Was the washer overloaded?
If the machine is overloaded, the machine will not wash and rinse properly. When the washer is overloaded, the clothes have no room to tumble, and the cleaning performance of the washer is reduced. In addition, when the clothes are packed tightly inside the drum the detergent and water will not distribute evenly throughout the items.
Front loaders require regular maintenance to ensure optimum performance. If this maintenance is not followed, residue can accumulate in the drum resulting in detergent and soil being deposited back into clothing. This can also lead to odor and other issues. Perform the required maintenance regularly (once or twice a month).
Washer temperature sensors and water level settings The temperature of your washer's water varies with your laundry care needs. Standard washer models typically feature three temperature settings: Hot/Cold, Warm/Cold, and Cold/Cold—and higher-end models often offer as many as six or seven temperature settings. Temperature plays a key role in the effectiveness of your detergent—pairing the right detergent with the right setting for your fabrics and soil is important, as this will help reduce damage, prevent detergent residue, and provide the best wash across fabric types. For the best fabric care, look for washing machines with automatic temperature control (ATC). A sensor will control water temperature and ensure cold washes are above 60 degrees (F) to dissolve detergents, and warm washes do not exceed 93 degrees (F) to help prevent shrinking and bleeding.
The amount of water you use for each load also affects washer performance. Doing laundry is a bit like a science project. You need to make sure you are using the right volume of water, with the proper amount of detergent based on the dirt level of the laundry being cleaned. Too much of one component can result in a less-than-perfect outcome. Standard washing machines allow you to select water levels for different size loads, but some models offer more water-level options. Washers with automatic water levels use sensors to determine load size and adjust water level for best cleaning and rinsing performance. You will generally find these options in higher-priced top-loading washers. A benefit of front-loading washing machines is that most come with this automatic water-leveling feature.
Whirlpool® AccuWash™ temperature control sensor provides a temperature-controlled wash.
this is an article from the whirpool website, u can get a manual printed or downloaded by going to whirlpool.com and going to owners center and typing in ur model number.......
I completely understand your dilemma as I have the same problem with my HE3. I was so frustrated I called a service tech out before my warranty expired and he told me the #1 complaint about these washers is that they don't get the clothes clean. I was surprised at his honesty! He told me to get a water softener and to use hot water but said nothing about clothes that are supposed to be washed in cold water. I asked him how to adjust the water level and he said the sensor is not adjustable but I have been unable to find out if these is true. I agree with you and believe it's because they use too little water. I have come to absolutely hate this washing machine for many reasons. When washing anything long (jeans, pants, long-sleeve shirts, etc) it literally ties the whole load into a clothes knot. You can grab one item and pull the whole load out because it's a huge knot ball. So tell me, how do the clothes get clean (or properly rinse) when they are in a ball and unable to freely move through the water (which isn't there) in the bottom of the tub? Another problem is that it takes a MINIMUM of 3-4 rinse cycles to get the detergent out of the clothes...yes, I use HE detergent. Here's what I do. I use the 'add a garment feature' to interrupt the cycle after the washer has filled. Then I add about 2-3 gallons of additional water to both the wash and 1st/2nd rinse cycles. This has helped immensely but leads to two more reasons I hate the machine. First, that makes it extremely high maintenance to stand waiting for the moment to add water. Second, when adding the additional water, clothes have a tendency to get caught between the rubber gasket and wash tub where they can sit during the entire cycle not getting clean. On the up side I can say I've never had a mechanical problem with the machine. I am sorry and wish I could help more.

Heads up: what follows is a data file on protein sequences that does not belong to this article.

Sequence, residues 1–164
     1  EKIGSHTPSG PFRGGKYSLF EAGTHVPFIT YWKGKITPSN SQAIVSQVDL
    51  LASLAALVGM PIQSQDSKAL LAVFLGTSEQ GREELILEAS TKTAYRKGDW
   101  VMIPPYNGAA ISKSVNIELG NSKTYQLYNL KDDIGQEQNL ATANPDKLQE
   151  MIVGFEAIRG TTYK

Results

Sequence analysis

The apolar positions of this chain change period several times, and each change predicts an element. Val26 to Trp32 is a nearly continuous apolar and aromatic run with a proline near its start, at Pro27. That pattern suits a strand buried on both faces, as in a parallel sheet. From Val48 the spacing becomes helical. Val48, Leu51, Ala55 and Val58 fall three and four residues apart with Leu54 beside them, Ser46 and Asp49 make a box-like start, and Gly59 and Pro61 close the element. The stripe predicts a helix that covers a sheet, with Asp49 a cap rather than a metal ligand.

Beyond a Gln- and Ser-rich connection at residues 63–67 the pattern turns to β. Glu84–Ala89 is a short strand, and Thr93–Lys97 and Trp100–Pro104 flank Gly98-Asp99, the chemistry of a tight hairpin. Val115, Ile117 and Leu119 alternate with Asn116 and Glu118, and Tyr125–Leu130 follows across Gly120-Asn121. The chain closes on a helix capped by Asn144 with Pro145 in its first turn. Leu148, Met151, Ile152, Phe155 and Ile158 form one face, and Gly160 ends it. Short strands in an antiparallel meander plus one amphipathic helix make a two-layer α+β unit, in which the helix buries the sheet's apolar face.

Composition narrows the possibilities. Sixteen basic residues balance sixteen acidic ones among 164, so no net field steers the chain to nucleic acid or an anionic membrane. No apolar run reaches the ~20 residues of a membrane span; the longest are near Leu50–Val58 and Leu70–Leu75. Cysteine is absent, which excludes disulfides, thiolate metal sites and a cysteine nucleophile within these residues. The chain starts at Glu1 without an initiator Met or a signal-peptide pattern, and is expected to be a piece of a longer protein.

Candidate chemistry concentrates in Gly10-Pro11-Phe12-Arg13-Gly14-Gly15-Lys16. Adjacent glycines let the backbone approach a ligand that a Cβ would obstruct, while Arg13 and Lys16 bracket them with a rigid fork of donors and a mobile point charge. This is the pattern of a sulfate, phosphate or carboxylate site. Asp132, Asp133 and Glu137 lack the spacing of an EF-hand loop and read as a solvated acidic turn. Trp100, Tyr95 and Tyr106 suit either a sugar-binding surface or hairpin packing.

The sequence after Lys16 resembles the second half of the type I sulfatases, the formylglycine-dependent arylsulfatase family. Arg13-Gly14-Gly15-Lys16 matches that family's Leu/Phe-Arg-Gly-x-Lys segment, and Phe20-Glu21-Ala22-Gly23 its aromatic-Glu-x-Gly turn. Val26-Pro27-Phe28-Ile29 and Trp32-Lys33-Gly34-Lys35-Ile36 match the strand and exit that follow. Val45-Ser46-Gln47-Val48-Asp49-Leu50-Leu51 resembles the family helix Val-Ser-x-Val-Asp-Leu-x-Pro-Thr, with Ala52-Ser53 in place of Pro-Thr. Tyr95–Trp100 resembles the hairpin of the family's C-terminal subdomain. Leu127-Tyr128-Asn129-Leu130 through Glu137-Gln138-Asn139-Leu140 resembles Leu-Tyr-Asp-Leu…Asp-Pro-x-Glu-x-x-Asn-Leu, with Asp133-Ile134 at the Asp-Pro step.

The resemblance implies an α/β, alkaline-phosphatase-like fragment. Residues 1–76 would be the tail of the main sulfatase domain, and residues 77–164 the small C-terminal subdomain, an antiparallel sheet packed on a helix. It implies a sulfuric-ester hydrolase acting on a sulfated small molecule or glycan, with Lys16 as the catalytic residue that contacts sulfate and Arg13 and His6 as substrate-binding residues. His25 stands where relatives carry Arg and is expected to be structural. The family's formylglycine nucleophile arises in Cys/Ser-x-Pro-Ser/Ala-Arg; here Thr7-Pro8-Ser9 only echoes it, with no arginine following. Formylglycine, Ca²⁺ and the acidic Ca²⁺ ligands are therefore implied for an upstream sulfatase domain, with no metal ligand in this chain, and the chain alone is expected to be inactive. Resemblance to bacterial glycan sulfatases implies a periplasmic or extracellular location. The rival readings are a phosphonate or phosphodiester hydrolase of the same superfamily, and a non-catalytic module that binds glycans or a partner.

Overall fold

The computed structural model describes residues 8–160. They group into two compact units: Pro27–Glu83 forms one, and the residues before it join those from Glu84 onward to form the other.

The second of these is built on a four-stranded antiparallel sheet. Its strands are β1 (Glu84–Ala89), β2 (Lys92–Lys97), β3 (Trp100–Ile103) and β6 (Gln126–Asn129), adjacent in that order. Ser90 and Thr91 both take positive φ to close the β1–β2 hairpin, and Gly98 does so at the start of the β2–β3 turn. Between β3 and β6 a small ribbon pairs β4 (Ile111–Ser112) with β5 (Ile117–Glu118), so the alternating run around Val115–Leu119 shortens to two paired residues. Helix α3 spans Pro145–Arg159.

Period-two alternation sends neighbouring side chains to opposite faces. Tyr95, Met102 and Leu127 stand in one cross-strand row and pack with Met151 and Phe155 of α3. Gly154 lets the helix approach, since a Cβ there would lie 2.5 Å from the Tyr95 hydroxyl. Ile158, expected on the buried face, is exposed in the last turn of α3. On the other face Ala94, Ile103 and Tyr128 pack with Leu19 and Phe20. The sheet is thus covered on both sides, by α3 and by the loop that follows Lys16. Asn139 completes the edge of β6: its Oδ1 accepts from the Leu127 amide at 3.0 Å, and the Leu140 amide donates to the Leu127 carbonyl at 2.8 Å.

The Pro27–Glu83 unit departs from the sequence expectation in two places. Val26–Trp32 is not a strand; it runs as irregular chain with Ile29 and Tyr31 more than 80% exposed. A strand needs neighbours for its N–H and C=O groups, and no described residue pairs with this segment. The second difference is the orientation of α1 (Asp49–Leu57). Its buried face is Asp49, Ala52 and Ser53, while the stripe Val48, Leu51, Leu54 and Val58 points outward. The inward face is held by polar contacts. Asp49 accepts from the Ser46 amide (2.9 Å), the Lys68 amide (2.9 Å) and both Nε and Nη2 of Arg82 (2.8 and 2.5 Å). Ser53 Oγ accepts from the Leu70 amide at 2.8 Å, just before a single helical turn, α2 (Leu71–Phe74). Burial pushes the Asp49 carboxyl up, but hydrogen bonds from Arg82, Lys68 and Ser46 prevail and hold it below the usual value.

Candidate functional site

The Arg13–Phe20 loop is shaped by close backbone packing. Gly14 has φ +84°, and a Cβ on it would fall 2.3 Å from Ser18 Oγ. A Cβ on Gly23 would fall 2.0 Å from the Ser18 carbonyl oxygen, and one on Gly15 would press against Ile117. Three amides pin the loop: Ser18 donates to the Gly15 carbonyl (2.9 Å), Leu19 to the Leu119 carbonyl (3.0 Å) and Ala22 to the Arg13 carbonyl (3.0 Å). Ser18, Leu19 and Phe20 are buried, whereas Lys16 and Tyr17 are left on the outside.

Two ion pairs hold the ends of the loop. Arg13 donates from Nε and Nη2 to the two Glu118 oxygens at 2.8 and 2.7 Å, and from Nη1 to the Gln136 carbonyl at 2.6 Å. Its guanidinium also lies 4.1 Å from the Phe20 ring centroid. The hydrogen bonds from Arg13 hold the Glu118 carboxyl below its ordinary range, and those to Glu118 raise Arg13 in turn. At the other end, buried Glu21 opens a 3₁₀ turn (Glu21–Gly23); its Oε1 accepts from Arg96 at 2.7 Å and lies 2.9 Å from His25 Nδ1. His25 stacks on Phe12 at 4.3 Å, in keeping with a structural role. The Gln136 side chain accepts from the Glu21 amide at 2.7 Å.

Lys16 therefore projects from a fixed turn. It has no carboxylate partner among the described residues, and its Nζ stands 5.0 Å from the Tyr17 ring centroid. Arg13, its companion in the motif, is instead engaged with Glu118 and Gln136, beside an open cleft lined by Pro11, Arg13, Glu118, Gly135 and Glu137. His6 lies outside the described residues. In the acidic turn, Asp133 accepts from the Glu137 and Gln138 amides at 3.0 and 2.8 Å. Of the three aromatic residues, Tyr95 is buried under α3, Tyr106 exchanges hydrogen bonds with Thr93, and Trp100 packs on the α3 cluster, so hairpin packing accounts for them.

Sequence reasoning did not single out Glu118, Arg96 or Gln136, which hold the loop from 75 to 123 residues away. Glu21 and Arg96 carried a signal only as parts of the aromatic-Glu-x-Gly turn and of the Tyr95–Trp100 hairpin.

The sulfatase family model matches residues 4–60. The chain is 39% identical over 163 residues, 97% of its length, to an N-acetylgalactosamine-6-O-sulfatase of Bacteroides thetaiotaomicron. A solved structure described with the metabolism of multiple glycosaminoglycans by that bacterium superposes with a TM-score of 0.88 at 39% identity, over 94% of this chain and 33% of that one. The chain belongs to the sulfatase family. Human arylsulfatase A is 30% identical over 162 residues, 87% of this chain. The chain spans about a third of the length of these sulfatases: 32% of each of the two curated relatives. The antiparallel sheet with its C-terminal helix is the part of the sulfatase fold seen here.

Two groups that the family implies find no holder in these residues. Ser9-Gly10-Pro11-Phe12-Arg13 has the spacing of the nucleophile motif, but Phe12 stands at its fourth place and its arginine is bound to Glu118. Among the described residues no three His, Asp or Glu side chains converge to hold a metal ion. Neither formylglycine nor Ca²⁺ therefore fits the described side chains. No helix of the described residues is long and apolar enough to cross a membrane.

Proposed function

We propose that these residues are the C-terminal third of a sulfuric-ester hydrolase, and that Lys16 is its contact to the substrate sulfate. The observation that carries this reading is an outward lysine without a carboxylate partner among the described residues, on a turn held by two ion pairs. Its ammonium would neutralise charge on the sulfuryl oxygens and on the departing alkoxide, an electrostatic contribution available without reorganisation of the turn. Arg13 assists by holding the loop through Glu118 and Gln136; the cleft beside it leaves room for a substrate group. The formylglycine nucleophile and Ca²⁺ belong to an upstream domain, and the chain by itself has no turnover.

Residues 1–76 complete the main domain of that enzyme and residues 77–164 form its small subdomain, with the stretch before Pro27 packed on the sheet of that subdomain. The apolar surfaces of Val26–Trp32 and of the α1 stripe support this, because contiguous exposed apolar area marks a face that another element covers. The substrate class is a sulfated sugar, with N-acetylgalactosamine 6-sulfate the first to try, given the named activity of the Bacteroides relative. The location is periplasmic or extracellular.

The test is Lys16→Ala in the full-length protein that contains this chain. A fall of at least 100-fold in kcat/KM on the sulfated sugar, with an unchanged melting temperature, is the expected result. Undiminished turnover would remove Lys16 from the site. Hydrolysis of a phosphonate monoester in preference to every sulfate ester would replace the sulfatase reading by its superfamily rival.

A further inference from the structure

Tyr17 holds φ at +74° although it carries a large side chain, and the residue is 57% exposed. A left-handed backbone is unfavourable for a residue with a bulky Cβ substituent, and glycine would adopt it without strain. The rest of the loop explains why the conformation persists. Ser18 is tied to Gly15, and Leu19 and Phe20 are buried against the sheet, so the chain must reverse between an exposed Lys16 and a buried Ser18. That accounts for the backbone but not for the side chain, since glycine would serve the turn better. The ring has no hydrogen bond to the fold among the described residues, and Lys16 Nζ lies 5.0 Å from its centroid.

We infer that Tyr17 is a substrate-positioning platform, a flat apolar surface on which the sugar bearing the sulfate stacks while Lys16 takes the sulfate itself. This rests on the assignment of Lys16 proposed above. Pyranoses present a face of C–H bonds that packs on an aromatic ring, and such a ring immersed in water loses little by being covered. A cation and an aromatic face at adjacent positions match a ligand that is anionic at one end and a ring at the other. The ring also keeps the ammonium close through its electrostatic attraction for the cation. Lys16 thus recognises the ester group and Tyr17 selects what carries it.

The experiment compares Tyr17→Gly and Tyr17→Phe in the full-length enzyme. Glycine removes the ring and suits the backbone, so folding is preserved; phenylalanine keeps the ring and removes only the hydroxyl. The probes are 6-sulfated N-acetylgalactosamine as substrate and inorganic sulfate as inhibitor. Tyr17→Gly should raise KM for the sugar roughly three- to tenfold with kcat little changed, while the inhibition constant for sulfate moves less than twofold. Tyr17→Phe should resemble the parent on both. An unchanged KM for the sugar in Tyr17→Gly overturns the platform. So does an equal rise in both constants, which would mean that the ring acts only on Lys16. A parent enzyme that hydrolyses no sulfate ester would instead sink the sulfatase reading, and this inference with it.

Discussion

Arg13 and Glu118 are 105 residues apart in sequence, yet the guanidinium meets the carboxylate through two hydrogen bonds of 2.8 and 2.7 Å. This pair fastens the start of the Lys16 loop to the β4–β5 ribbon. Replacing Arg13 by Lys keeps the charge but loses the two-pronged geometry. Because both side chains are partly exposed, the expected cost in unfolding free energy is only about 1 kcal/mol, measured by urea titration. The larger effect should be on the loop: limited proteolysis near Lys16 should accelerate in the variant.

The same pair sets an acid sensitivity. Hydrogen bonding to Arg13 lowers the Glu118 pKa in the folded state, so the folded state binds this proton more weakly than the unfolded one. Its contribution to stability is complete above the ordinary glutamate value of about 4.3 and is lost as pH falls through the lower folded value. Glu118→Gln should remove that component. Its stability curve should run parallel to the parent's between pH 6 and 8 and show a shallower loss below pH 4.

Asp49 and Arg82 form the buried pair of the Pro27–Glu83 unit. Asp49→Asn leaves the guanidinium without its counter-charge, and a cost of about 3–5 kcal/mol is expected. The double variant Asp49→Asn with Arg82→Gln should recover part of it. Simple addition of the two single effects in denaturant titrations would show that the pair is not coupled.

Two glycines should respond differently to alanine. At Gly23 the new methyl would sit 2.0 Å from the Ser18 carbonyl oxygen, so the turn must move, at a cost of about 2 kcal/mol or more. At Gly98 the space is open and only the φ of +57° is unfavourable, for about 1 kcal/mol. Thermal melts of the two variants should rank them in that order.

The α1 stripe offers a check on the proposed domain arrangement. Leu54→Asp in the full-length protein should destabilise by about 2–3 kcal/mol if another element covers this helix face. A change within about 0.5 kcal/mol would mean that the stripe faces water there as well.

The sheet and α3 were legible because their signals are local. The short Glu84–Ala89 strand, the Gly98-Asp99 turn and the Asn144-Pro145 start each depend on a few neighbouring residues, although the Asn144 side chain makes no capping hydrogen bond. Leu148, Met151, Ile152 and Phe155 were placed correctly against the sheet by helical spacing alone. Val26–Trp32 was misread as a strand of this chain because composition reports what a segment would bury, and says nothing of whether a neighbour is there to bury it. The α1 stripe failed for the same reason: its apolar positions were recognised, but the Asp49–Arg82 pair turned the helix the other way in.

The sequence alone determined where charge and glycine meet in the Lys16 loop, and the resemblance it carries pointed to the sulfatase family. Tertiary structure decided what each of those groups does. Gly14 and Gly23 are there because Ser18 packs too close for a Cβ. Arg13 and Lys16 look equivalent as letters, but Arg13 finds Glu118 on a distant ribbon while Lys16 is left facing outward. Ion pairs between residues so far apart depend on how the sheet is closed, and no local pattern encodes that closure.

No. Water level is not user adjustable. The washer will automatically put in the correct amount (about 3 inches in the bottom of the tub) and adjust for load size and type. This level is all that is needed. The reason the clothes are hardly wet at the end of the cycle is due to the high spin speed (compared to almost all top loading machines). If you want to see how wet the clothes really are, pause the machine mid cycle and the door will unlock and you can see, or select a "no spin" option and see at the end of that cycle. You will use about 12 gallons of water for a large load, vs. about 45 for a top loading machine, so remember to adjust your soap and fabric softener use accordingly. ( one tablespoon detergent and one teaspoon fabric softener maximum per load)
Have you moved or has where your water treatment facility changed? Changes in the hardness of the water can cause detergents not to react well. A hard water test is easily picked up at the hardware store. I had a similar problem changing from well water to public system.